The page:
Mobile forensics in a connected world

In this interview, Andrew Hoog, CEO of viaForensics, talks about the forensic examination of mobile devices, the challenges involved with testifying at trials, and offers advice to those interested in working in the mobile security forensics field.

What are the unique challenges involved in doing a forensic examination on a mobile device compared to investigating desktop machines?
Traditional desktop investigation is more straightforward. For instance, to acquire a forensic disk image you can usually power down the machine, remove the hard drive, attach a write blocker and make an exact copy of the full disk.

That simply is not possible on mobile, and chip-off methods (physically removing NAND memory) are destructive and not accessible to most investigators.

Since there is no drive to remove you have to image the device while it is running, and take caution to understand and document the steps taken to gain access (such as rooting) and ensure the user data is not affected. With many devices you can’t get a full image and instead have to rely on putting pieces of logical data together.

When you testify at trials, how do you make technologically unsavvy judges and jurors understand the intricacies of your testimony?
In my experience, mobile is so new that the technologically unsavvy tend to skip over all the technical details. If you can prove that you’re an expert, that you have credentials, that you’ve written books, worked on past cases, testified in other trials, then judges tend not to ask a lot of questions about the technical intricacies of mobile forensics.

That said, if you call yourself a forensic examiner, you’d better have the evidence to back you up and be prepared to walk people through it during trial.

You need to be able to describe how you accessed the device, how you recovered the data and performed the analysis, and these techniques need to be repeatable. What’s really critical, though — and its a skill you develop over time — is the ability to describe very technical terms and concepts in plain English. If you can’t do this, you’re going to lose the judge and jury during your testimony.

How is mobile security keeping pace with cyber criminals and the methods and technologies they employ?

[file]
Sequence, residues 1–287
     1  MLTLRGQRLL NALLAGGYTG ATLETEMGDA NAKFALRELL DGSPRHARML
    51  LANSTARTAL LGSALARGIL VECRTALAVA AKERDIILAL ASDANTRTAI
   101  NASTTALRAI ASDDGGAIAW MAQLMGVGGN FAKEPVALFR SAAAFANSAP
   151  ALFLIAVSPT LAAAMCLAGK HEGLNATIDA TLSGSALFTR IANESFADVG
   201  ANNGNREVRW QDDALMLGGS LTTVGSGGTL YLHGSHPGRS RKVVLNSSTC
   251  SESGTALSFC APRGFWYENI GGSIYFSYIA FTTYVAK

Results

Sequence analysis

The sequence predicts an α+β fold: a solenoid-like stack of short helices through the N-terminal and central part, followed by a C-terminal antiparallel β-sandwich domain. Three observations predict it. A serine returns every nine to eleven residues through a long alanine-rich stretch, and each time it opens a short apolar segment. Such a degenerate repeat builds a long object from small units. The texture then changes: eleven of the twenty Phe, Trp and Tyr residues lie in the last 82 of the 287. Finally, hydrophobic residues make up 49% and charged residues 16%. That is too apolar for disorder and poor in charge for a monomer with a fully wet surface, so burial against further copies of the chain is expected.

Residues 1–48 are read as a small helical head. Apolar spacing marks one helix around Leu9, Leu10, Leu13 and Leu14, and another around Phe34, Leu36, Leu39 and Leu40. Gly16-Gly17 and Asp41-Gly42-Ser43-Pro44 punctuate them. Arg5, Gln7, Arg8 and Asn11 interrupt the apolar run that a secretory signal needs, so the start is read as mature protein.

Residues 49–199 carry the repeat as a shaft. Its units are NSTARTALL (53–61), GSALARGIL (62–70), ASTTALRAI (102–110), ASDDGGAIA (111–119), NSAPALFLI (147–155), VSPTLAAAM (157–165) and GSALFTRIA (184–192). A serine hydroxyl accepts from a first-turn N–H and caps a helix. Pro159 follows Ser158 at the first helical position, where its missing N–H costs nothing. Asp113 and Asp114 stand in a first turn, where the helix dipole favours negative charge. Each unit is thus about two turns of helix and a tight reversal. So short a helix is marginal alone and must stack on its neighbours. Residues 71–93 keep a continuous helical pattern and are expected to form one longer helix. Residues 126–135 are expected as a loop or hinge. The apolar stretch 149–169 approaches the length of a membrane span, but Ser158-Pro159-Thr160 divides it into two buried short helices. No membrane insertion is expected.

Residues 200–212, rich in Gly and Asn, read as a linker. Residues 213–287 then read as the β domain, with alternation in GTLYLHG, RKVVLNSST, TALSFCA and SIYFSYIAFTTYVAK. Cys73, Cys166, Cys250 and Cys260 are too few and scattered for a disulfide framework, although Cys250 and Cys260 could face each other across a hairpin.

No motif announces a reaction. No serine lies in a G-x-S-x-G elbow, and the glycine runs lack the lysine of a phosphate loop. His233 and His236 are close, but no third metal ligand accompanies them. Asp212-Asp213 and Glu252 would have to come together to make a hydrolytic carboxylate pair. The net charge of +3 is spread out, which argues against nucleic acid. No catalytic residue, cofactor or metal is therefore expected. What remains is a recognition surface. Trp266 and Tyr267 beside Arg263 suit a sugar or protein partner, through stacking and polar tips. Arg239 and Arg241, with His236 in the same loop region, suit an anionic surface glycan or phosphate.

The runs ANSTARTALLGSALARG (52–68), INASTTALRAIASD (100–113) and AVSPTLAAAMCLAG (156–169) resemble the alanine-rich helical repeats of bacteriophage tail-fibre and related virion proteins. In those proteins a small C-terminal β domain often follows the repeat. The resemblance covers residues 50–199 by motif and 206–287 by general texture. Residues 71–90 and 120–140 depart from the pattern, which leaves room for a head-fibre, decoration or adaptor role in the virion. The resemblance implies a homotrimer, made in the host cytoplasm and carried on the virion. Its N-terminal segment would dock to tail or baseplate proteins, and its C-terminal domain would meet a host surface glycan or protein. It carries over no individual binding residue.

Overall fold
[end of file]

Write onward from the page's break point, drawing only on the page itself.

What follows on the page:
Traditional mobile security is not keeping pace. Many vendors use static signature-based malware detection, and the mobile world moves too quickly for that to be effective. The path forward is polymorphic and multifactor security — technologies and techniques that provide a comprehensive view to analyze behaviors and detect anomalies.

Our approach focuses on the four domains of the device – system, configuration, apps and networks (SCAN). Together, these domains provide a complete view of the mobile device and its activities, and enable dynamic security that keeps pace with threats.

What advice would you give to someone who wants to specialize in mobile security forensics?
I look at mobile forensics and mobile security as two distinct disciplines. Mobile forensics informs mobile security in a really great way – it helps us see things empirically, learn what’s at risk and informs us about the techniques used to compromise mobile devices.

Mobile security is broader and there are a lot of factors at play. You need to look at the network, the apps, and how a device is configured. But first you need to understand security as a base, and be familiar with networks, as well as have a basic grasp of penetration testing, static code analysis, reverse engineering, and forensic analysis. It’s really a big undertaking.

My advice is to pick a particular niche, dive into it, learn as much as you can and then contribute back to the community. Mobile security is a very collaborative community. People respect talks, white papers, blog posts, YouTube channels.

Try to broadly understand the different principles at play, but then pick an area that really excites you, do a deep dive and give something back. When you do that, you’ll discover like-minded individuals, you’ll build your community, and ultimately, land jobs and work with companies that will support you in your efforts.

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